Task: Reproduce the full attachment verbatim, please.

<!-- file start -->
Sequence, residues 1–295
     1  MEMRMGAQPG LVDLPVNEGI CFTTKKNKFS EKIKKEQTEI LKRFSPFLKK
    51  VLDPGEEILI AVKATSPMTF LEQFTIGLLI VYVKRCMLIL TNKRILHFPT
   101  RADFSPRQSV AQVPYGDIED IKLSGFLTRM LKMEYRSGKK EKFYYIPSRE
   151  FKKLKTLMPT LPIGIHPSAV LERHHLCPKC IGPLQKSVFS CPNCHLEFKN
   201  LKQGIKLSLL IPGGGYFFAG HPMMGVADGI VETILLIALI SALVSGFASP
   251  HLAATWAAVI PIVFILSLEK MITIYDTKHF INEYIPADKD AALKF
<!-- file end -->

Sequence, residues 1–295
     1  MEMRMGAQPG LVDLPVNEGI CFTTKKNKFS EKIKKEQTEI LKRFSPFLKK
    51  VLDPGEEILI AVKATSPMTF LEQFTIGLLI VYVKRCMLIL TNKRILHFPT
   101  RADFSPRQSV AQVPYGDIED IKLSGFLTRM LKMEYRSGKK EKFYYIPSRE
   151  FKKLKTLMPT LPIGIHPSAV LERHHLCPKC IGPLQKSVFS CPNCHLEFKN
   201  LKQGIKLSLL IPGGGYFFAG HPMMGVADGI VETILLIALI SALVSGFASP
   251  HLAATWAAVI PIVFILSLEK MITIYDTKHF INEYIPADKD AALKF